“A change of venue is not appropriate,” she said.

The court hearing reconvened following a brief recess, during which time Wilson announced that someone in the courtroom had been livestreaming the proceedings and would be held in contempt of court if identified. He then went on to grant the defense’s motion to dismiss the case over lack of jurisdiction. When asked if the judge could transfer the charges to district court, Wilson said he had no authority to do so. He noted, however, that the prosecution could refile the charges in district court.

In the hours that followed, the state’s attorney’s office filed a notice of appeal to the Appellate Court of Maryland.

In a statement posted on the Do It For Gavin – Justice For Gavin Facebook page, Gavin’s father, Ray Knupp, wrote, “This doesn’t mean the charges are dismissed it simply means we have to either try it in the District Court or we win the appeal to try it in the Circuit Court again.”

He continued, “The Judge miss read the law and no one can understand why he made that ruling. We have already appealed it and will know in the next few weeks. If we have to try it in District Court two things could happen, we only have to convince a judge not a jury which is in our favor. The downside is if he gets convicted he can appeal it to the Circuit Court and we have to suffer through the trial again and take another chance that it could get overturned.”

In a statement issued this week, Randolph Rice, managing partner in Psoras’ law firm, Rice, Murtha, and Psoras, applauded the outcome of last Friday’s motions hearing.

“We are thankful the court applied the law that led to the favorable outcome for our client Tyler Mailloux,” Rice said. “Our firm’s tireless dedication to protecting the rights and freedoms of individuals in the face of legal challenges has once again yielded a just and equitable result. This success underscores our firm’s commitment to upholding the principles of fairness, due process, and the presumption of innocence in the criminal justice system.”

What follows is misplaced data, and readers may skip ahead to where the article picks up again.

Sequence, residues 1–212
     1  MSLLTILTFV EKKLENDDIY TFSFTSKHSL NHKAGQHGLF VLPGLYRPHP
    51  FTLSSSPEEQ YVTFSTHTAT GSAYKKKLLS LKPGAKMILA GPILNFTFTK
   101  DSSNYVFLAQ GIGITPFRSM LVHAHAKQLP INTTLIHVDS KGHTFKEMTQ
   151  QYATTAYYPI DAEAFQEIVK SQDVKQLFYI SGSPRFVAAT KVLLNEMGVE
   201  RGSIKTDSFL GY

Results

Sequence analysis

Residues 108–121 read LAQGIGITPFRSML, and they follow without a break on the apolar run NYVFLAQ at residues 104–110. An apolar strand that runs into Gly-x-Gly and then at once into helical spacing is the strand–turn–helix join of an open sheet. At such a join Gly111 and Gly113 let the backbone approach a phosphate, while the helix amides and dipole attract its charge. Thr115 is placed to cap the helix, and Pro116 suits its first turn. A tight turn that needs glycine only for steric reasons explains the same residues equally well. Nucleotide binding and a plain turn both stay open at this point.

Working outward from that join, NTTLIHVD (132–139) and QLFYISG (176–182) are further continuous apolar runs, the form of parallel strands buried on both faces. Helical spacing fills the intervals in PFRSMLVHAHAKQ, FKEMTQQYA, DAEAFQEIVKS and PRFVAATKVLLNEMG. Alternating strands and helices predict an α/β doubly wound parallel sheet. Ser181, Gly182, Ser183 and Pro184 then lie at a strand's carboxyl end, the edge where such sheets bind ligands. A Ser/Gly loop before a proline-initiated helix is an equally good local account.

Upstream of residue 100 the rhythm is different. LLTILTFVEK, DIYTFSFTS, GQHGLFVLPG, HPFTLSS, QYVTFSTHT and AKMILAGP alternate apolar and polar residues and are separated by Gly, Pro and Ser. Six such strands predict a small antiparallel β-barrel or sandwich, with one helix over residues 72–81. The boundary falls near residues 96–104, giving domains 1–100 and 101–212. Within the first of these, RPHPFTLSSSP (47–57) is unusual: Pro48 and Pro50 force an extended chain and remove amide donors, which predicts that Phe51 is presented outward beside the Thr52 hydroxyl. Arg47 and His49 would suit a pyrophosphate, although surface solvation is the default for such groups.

He continued, “We wish to extend our deepest sympathies to the family of Gavin Knupp following the tragic loss of their beloved son. We understand that this is an incredibly challenging time for the Knupp family, and our thoughts and condolences are with them as they navigate through this period of grief. We firmly believe that empathy and compassion are integral aspects of the legal process, especially in cases that involve such devastating circumstances. We understand the pain that the Knupp family is experiencing, and we want to emphasize that our commitment to providing a rigorous and fair defense is always balanced with a deep respect for the human element involved.”

About The Author: Bethany Hooper

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Bethany Hooper has been with The Dispatch since 2016. She currently covers various general stories. Hooper graduated from Stephen Decatur High School in 2012 and the University of Maryland in 2016, where she completed double majors in journalism and economics.